Sunday, 1 July 2012

Housing Crisis - by Ben Gummer MP

Our housing crisis

A while ago someone gave me - I think it may have been Father Christmas - a funny little book that is simply called 'Men and Sheds'. The publisher's description says it all: 'It has been said that a shed is to a man what a handbag is to a woman - both contain all the essentials for surviving in the modern world and in the same way that no decent man would ever consider looking in a woman's handbag uninvited, so no reasonable woman would dream of setting foot in a man's shed.'

Housing is the biggest immediate problem facing this country. Across Britain, and especially in the south and east, people cannot find somewhere of their own to live. Even those with good jobs, on good money, struggle to collect the deposit banks now require, let alone find somewhere they can afford. For those on very low incomes the situation is worse still: affordable and social housing is in massive demand but the supply is very short. The result is that many people are living in unsuitable private rented accommodation and sometimes worse: for these, the B&B or even a mate's sofa is their home. It is a hard reality that I see every day in my inbox and every week in my surgery. By far and away, housing is the largest part of my postbag and surgery list.

For most young people now a decent home is getting beyond reach. That simple fact crushes hope and dents aspiration. It is a terrible state of affairs. How did we get there?

First up is our old favourite: our ageing population. As people stay alive for longer, and healthier for longer, they are not moving out of their homes, even when their families are grown up and have long since flown the nest. It means we now have many older people living in family homes, homes that should be lived in by young families that need the space. The situation is made all the worse by a growing population and the continued move of people from Scotland and the North to the South.

Secondly, with half of all marriages now ending in divorce, and an even greater rate of separation amongst couples who have children but do not marry, couples all over the country are having to use two houses where previously one was needed. Where parents have joint custody, they need the space for the children even if they are only staying with them every other weekend.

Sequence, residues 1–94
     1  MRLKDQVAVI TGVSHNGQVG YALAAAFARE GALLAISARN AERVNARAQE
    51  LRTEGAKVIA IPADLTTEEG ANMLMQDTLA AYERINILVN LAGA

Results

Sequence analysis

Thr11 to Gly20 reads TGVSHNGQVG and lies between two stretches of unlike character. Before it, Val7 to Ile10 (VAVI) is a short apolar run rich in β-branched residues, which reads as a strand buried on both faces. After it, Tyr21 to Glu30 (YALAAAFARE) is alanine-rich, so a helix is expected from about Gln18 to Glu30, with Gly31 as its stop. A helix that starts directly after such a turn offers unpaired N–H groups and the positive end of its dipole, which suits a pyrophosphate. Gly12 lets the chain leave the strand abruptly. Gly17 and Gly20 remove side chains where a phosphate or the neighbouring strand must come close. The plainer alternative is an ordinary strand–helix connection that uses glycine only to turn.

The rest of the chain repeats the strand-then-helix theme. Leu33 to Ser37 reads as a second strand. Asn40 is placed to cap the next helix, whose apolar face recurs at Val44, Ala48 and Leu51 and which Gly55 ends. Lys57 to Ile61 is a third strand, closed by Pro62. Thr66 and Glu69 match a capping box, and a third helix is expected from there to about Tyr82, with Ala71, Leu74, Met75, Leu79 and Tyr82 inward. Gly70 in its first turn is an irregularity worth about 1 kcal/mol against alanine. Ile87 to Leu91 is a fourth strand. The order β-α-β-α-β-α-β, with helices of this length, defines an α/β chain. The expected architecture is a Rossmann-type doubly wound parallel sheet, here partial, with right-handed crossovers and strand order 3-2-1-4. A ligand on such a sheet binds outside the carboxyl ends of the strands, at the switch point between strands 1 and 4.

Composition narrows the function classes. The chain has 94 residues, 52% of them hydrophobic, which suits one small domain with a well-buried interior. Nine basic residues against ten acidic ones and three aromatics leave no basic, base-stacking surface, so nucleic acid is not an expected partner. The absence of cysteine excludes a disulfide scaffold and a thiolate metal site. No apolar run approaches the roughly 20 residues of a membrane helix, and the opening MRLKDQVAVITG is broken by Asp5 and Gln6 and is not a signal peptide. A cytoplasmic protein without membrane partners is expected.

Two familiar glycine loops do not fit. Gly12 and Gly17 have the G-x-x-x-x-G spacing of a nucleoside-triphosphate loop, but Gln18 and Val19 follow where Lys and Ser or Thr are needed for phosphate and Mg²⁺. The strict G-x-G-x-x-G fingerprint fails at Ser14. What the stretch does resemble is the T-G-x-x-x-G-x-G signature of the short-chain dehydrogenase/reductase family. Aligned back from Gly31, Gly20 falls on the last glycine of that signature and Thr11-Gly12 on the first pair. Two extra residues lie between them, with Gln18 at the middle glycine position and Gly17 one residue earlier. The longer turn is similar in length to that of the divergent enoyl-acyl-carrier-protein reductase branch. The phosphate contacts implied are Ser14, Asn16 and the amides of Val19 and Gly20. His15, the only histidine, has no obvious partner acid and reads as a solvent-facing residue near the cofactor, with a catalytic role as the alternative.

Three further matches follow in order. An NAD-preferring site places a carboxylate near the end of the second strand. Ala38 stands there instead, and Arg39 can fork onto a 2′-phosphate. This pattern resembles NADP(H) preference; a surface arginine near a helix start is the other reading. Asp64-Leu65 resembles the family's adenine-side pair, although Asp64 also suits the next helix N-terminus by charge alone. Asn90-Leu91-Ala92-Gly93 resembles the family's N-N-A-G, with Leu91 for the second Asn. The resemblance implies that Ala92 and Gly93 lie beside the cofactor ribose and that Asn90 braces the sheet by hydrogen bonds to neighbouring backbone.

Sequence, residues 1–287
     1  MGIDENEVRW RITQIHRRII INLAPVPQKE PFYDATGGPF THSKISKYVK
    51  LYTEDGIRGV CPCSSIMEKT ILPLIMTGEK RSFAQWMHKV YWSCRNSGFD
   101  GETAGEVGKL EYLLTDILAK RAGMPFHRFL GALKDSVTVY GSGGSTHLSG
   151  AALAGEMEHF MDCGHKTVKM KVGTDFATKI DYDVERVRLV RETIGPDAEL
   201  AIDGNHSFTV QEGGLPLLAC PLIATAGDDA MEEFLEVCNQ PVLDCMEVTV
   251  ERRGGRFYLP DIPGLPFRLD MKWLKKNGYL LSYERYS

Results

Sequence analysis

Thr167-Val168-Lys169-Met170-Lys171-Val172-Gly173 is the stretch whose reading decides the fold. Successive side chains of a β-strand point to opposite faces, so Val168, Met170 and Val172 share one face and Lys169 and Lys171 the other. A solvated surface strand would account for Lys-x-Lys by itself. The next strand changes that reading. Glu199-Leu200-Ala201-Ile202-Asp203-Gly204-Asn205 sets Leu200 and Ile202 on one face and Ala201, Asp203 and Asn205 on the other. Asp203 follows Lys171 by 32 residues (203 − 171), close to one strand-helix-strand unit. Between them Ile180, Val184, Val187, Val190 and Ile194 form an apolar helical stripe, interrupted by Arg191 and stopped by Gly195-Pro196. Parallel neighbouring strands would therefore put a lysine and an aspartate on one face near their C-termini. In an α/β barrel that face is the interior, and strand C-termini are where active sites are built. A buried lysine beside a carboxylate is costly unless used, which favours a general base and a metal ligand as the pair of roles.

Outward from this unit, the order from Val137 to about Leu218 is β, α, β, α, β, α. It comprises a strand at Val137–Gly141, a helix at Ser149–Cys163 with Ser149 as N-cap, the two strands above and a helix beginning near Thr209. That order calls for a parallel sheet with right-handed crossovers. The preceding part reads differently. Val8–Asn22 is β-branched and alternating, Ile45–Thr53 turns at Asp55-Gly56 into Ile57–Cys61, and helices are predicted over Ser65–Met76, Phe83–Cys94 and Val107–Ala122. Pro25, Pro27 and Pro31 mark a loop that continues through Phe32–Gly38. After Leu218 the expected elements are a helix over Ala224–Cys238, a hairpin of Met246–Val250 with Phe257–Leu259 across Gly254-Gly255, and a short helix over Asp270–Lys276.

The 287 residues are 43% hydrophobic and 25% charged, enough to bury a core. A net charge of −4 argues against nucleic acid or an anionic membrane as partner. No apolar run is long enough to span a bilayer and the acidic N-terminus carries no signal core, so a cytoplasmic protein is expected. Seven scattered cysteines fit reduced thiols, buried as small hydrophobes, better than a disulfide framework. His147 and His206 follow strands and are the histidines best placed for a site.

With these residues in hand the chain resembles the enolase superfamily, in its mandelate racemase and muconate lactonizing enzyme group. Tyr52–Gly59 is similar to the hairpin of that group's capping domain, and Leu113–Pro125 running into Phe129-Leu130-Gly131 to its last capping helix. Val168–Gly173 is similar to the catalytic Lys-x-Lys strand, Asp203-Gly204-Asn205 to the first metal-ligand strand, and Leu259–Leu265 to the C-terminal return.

Both of these challenges - ageing and ruptured families - could have been accommodated had we built enough houses. But we did not. We have not been building enough houses for forty years. Anything to do with the recession? Absolutely not. House building hit an all-time low in the best years of the 2000s, when credit was almost limitless and interest rates low. The people to suffer most were - as ever - those with the least, as affordable and social housing slumped also to an all-time low.

What's the solution? Well, the first thing is to change planning law to make it easier to build and better for the communities that must accept the developers in. I voted on that last year and we will begin to see the fruits very soon. Housing completions - reflecting decisions taken some years before the last general election - are still very low, but housing starts - actual work beginning again - is picking up nicely as a result of what we've done. But it will be some years before we see people move in.

For those on the most limited means we must act fast. Ipswich Borough Council says it wants to build new council houses, not possible under Labour but made possible again by the Coalition. Frankly, I do not care who builds these new houses, just that they are decent and come as quickly as possible. It would be a crying shame if our Borough, for its own prestige, chose to build a few council houses itself when far more could have been put up by housing associations in much less time. If they prove me wrong, I'll be the first to congratulate them. The proof, however, will be in the building.

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